Book Review: Finding Audrey


finding audrey by sophie kinsella

Sophie Kinsella’s latest novel, Finding Audrey, is everything you wouldn’t expect from the queen of chick lit. Not only is it an entirely different genre, but it also deals with far heavier issues than the typical ‘but does he really like me?’ dilemmas that Kinsella usually writes about. The result? Well, let’s just say that one does not become one of the highest-selling authors of the 21st century without being a great writer…regardless of the subject material or genre.

Finding Audrey tells the story of Audrey, a 14-year old with a lovably dysfunctional family. Audrey would know exactly what her family gets up to after all – she has trouble leaving the house and interacting with others, and suffers from anxiety and depression after a series of bullying incidents at school left her hospitalised. Yet while Audrey has difficulty talking to strangers or looking people in the eye, the arrival of her brother’s friend Linus gets Audrey excited about the possibilities in life again.

Despite being incredibly easy to read, I would imagine that the young adult category would be bloody tricky to write for, so Sophie Kinsella immediately deserves a clap for pulling off Finding Audrey in a genre she has never attempted before. It can be far too easy to come across as insincere, bogus, or, worst of all, out of touch when writing for, and about, teenagers, yet Kinsella successfully creates dialogue and interaction between her characters that seems fairly on point. More impressively again, she does so with her usual flair for comedic timing and bravado.

Furthermore, considering that Kinsella usually writes slapstick chick lit where the protagonist inevitably digs themselves a hole so deep largely thanks to something stupid and inconsequential, it was quite an achievement that she chose a weighty topic that was neither too over-the-top (particularly considering the target market) nor cloying. And though Kinsella definitely skirts over the harsher realities of the debilitating illnesses of depression and anxiety, she successfully captures how someone like Audrey must be feeling. Though a series of terrible incidents are frequently referred to, we’re never told explicitly what actually occurred. I must admit the curious part of me (ALL of me) wanted to know what had happened, in truth it was a deliberate ploy to emphasis, just like Audrey does, that anxiety and depression doesn’t necessarily stem from a single incident – and that it isn’t what someone should be focusing on if they want to get better.

The charm in Finding Audrey largely lies with Audrey herself – a neurotic teenager yes, but a very human, lovable one. While Audrey fits many of the characteristics of Kinsella’s usually characters – pretty, interested in a boy, a bit neurotic about said boy etc – I think that’s quite wonderful. Yes, Audrey is unwell and has a lot of issues she has to deal with, but she’s still human, and she’s still like you and I – having a mental illness doesn’t automatically make you crazy after all.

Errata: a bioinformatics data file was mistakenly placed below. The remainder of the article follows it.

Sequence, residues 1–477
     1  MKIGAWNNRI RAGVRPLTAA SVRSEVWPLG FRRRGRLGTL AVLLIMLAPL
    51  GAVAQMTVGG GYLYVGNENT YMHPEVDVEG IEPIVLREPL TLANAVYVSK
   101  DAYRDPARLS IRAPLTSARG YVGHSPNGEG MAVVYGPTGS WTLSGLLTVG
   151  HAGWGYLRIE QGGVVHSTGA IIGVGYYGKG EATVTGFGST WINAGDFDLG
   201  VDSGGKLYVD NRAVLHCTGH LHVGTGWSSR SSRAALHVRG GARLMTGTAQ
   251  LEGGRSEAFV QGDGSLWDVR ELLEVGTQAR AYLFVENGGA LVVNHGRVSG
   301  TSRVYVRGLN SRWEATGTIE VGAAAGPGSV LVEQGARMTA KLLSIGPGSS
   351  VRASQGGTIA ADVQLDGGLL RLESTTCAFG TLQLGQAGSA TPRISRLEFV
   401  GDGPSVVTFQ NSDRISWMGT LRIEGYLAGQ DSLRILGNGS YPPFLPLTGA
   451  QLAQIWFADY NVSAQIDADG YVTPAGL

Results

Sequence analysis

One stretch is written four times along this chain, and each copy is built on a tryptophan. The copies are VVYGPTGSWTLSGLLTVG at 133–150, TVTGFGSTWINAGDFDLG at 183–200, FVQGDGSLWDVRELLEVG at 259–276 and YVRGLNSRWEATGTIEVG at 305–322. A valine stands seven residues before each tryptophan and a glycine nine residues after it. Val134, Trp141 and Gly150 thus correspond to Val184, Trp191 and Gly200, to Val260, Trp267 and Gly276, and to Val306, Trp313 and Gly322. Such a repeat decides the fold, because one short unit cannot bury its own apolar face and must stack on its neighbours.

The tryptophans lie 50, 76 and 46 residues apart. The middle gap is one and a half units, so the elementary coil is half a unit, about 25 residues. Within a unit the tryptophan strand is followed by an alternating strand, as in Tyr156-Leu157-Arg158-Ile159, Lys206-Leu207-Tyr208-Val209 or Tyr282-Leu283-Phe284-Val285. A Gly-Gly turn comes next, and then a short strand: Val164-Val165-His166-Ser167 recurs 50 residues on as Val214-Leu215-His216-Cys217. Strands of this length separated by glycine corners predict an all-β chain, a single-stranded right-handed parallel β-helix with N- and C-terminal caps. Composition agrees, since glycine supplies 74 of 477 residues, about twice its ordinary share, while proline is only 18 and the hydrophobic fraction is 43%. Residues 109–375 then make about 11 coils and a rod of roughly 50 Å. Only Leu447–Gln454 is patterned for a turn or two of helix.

Finding Audrey is definitely something new and different for Sophie Kinsella, but I really loved it. It still has the attitude, humour and easy-to-read qualities of her other novels, while also portraying a heavier issue and a stronger protagonist. There’s a reason why Kinsella is such a successful, well-liked author and Finding Audrey just reinforces this. Plus, how much does the cover suit the storyline?

Have you read Finding Audrey? Are you a fan of Sophie Kinsella? Do you think YA just for teenagers? Let me know!

Book Review: The Little Paris Bookshop

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Oh! Take me back to Paris! Lethe little paris bookstore by nina georget me waste my days in the French countryside! Feed me traditional French home cooking! All this and more is what you should expect to feel during and after you’ve read The Little Paris Bookshop.

An ode to love, France and the power of books, The Little Paris Bookshop by Nina George follows Jean Perdu, a 50 year old man who has wasted half of his life because he’s too afraid to love (again). He spends his days working on his book barge, where he treats books like medicine and believes they can solve everyone’s problems…everyone’s but his.

When he has to face a 20+ year old letter from his ex-lover Manon, Jean is riled into action, where he sets off in his book barge, alongside eccentric writer Max, in search of the truth, his past and his demons.

This book is part love story, part epic. As Jean and Max set off down the Seine, there is definitely a spirit of journey amongst them – as each have to face their fears, discover who they want to be and how far they are willing to travel (literally) to achieve their dreams. Along the way, like all good adventure stories, Jean and Max encounter obstacles, fellow travellers (who join their book barge) and the truth. Conveniently, it is all set in the wondrous backdrop of the French countryside, which could not have been better described had I actually be in France at the time.